Food prep robot startup Miso Robotics today announced that fast-food chain White Castle has signed on as a customer. In a pilot later this fall, White Castle plans to bring Miso’s robots into kitchens and benchmark them for speed in production, taste, quality, and backend point-of-sales integration ahead of tests, with a rollout to locations across the U.S.
Miso says that Flippy has already been testing out the White Castle menu at the company’s Pasadena, California R&D kitchen.
As declines in business resulting from the COVID-19 pandemic place strains on the hospitality segment, Miso believes that robots working alongside human workers can cut costs while improving efficiency — and overall safety. The company asserts White Castle’s decision to test Flippy creates an avenue for reducing human contact with food during the cooking process and ensuring consistency, while at the same time freeing up human cooks to focus their attention on less time-consuming and repetitive tasks.
“There are a number of benefits to employing Flippy, and a major one is to redeploy valuable team members where they are needed more today to create the best possible customer experience,” a Miso spokesperson told VentureBeat via email. “There’s now greater demand for delivery, takeout, enhanced cleaning schedules. That’s all front of the house work that a few years ago didn’t need to be accounted for in staffing to keep customers satisfied. Flippy can keep the production up and meet the quality standards customers expect, so staff stays focused on shifting new demands.”
Miso has long claimed that its flagship robot Flippy — and Flippy’s successor, Miso Robot on a Rail (ROAR), which White Castle has agreed to test — can boost productivity by working with humans as opposed to replacing them. ROAR, which is expected to begin shipping commercially by the end of 2020 for around $30,000, or half the cost of a single Flippy unit, can be installed on a floor or under a standard kitchen hood, allowing it to work two stations and interact with a cold storage hopper. On the software side, it benefits from improvements to Miso AI (Miso’s cloud-based platform) that expand the number of cookable food categories to over a dozen, including chicken tenders, chicken wings, tater tots, french fries and waffle fries, cheese sticks, potato wedges, corn dogs, popcorn shrimp and chicken, and onion rings.
ROAR can prep hundreds of orders an hour thanks to a combination of cameras and safety scanners, obtaining frozen food and cooking it without assistance from a human team member. It alerts nearby workers when orders are ready to be served, and it takes on tasks like scraping grills, draining excess fry oil, and skimming oil between frying as it recognizes and monitors items like baskets and burger patties in real time. Plus, it integrates with point-of-sale systems (via Miso AI) to route orders automatically and optimize which tasks to perform.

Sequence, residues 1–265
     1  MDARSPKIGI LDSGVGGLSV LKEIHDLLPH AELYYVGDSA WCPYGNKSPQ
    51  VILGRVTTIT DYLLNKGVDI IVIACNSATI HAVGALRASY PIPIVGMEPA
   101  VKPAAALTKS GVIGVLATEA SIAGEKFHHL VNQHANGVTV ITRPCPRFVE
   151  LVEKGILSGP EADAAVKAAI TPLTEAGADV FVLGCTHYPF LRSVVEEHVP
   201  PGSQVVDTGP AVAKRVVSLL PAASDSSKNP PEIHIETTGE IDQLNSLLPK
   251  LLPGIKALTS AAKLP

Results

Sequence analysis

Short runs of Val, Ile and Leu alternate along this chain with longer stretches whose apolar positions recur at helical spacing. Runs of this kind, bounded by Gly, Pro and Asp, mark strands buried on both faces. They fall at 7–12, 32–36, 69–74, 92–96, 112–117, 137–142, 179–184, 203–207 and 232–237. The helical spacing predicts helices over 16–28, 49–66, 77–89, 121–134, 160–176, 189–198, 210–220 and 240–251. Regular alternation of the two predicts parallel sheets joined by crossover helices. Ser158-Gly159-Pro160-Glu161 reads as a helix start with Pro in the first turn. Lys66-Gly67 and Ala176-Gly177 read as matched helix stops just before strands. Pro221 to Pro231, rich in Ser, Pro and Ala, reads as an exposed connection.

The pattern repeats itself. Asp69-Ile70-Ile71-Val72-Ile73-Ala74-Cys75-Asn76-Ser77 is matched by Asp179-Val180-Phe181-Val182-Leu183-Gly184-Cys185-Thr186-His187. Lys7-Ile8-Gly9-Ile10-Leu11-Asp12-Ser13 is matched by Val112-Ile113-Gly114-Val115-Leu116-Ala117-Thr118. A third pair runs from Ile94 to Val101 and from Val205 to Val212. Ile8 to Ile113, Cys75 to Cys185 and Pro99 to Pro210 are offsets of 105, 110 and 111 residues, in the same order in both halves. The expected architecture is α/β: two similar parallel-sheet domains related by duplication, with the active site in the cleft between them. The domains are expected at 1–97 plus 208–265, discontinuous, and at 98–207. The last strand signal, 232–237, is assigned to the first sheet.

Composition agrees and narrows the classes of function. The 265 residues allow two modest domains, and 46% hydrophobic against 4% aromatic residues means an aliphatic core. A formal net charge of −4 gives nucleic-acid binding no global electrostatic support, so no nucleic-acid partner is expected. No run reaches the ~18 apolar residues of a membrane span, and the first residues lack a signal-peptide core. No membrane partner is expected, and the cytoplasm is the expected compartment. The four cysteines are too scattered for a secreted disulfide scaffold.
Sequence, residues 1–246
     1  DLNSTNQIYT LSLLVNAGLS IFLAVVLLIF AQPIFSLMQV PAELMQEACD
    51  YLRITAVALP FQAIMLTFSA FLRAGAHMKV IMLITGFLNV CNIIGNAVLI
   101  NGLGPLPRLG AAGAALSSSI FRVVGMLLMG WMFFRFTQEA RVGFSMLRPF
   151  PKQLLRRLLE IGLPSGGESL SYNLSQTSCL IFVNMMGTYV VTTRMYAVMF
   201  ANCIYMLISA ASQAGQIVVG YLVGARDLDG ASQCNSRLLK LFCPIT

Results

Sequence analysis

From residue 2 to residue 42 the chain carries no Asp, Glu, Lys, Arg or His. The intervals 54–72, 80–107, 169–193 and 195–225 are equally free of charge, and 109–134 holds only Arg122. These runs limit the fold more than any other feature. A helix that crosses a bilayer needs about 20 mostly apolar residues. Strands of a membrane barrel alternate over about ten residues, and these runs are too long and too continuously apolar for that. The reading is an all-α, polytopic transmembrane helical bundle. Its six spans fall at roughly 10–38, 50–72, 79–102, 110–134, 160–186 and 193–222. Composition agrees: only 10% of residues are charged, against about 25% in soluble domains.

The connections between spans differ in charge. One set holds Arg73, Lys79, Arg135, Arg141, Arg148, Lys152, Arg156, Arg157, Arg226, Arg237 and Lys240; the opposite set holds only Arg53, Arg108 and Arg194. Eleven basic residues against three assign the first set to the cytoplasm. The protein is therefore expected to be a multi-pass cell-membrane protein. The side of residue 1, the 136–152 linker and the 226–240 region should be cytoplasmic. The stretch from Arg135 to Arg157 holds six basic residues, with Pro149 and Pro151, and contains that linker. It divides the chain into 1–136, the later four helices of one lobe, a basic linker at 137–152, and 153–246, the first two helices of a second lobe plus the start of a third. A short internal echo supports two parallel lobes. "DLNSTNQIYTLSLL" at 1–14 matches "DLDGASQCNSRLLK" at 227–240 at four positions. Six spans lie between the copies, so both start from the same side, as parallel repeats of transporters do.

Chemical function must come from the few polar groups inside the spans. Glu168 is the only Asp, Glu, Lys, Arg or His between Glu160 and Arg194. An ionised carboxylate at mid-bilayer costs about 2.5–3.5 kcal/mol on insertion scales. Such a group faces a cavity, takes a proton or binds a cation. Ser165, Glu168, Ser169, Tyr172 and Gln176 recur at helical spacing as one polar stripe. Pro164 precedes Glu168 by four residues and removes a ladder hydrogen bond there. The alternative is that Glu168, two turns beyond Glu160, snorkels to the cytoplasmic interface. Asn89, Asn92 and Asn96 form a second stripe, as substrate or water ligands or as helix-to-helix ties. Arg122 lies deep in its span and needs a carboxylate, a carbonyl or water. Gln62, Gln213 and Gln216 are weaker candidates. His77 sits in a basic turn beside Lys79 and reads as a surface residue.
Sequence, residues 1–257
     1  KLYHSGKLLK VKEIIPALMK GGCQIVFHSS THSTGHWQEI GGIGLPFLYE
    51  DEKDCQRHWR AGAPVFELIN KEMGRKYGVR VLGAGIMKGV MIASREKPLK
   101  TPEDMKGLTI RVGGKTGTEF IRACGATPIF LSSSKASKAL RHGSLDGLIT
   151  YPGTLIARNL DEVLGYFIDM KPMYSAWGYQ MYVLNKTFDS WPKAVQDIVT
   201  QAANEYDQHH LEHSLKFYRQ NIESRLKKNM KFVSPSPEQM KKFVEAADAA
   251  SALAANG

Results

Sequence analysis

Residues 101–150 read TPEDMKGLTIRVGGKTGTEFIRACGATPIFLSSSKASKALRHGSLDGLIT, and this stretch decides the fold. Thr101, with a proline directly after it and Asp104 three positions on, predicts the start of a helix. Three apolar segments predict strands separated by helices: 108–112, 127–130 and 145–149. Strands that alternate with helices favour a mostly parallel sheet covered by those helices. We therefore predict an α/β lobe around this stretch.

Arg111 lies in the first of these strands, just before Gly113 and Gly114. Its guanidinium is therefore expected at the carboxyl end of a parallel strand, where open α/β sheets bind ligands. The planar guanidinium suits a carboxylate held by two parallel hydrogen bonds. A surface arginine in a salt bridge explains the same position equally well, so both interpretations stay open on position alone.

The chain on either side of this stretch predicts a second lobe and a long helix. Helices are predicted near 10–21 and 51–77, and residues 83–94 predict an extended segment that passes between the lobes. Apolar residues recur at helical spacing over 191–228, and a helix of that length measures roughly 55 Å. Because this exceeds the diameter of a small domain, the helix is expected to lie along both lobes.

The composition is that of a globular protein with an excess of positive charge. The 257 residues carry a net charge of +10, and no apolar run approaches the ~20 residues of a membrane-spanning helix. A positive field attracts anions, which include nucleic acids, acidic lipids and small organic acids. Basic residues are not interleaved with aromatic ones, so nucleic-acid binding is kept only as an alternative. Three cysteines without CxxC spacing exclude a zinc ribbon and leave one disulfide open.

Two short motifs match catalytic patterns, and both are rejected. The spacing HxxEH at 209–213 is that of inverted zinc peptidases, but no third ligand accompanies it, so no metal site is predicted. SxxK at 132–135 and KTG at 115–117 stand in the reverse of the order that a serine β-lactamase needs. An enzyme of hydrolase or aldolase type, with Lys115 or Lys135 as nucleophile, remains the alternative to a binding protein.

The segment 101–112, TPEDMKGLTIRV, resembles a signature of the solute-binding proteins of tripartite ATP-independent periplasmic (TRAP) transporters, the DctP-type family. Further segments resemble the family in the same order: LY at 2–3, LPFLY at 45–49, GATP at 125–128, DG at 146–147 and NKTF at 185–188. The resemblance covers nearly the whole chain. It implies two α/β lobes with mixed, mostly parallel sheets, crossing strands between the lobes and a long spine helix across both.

Miso says it saw “tremendous success” last year, serving up more than 15,000 burgers and more than 31,000 pounds of chicken tenders and tots. Flippy will soon flip burgers at more than 50 CaliBurger locations globally, and so far it’s been deployed at Dodger Stadium in Los Angeles, Chase Field in Phoenix, and CaliBurger locations in Pasadena.
More recently, Miso said it would deploy new tools to its platform in CaliBurger restaurants as part of a pilot with CaliGroup intended to improve safety and health standards. In the coming weeks, in partnership with payment provider PopID, the company will install a thermal-based screening device in a CaliBurger location in Pasadena that attaches to doors to measure the body temperatures of people attempting to enter the restaurant. Miso also says it will also install physical PopID terminals so that guests can transact without touching a panel, using cash, or swiping a credit card — all of which can transfer pathogens.
Despite Miso’s claims to the contrary, think tanks like the Brookings Institution anticipate automation will cause the loss of countless jobs. Roughly 36 million Americans hold jobs with “high exposure” to automation, meaning at least 70% of their tasks could soon be performed by machines using current technology, according to a report. Among those most likely to be affected are cooks, waiters, and others in food services.
But some restaurant industry executives claim high turnover rates underscore the need for automation. The official U.S. Bureau of Labor Statistics turnover rate for the restaurant sector was 81.9% for the 2015 to 2017 period, with the average cost to replace a worker estimated at $2,100 to $2,800.
“We started talking to White Castle about a year ago. They came to us with the same challenges much of the industry was experiencing — labor, operational costs to stay competitive mounting, and the need to meet on-demand delivery culture with high quality. In truth, the pandemic just accelerated conversations,” the spokesperson said.
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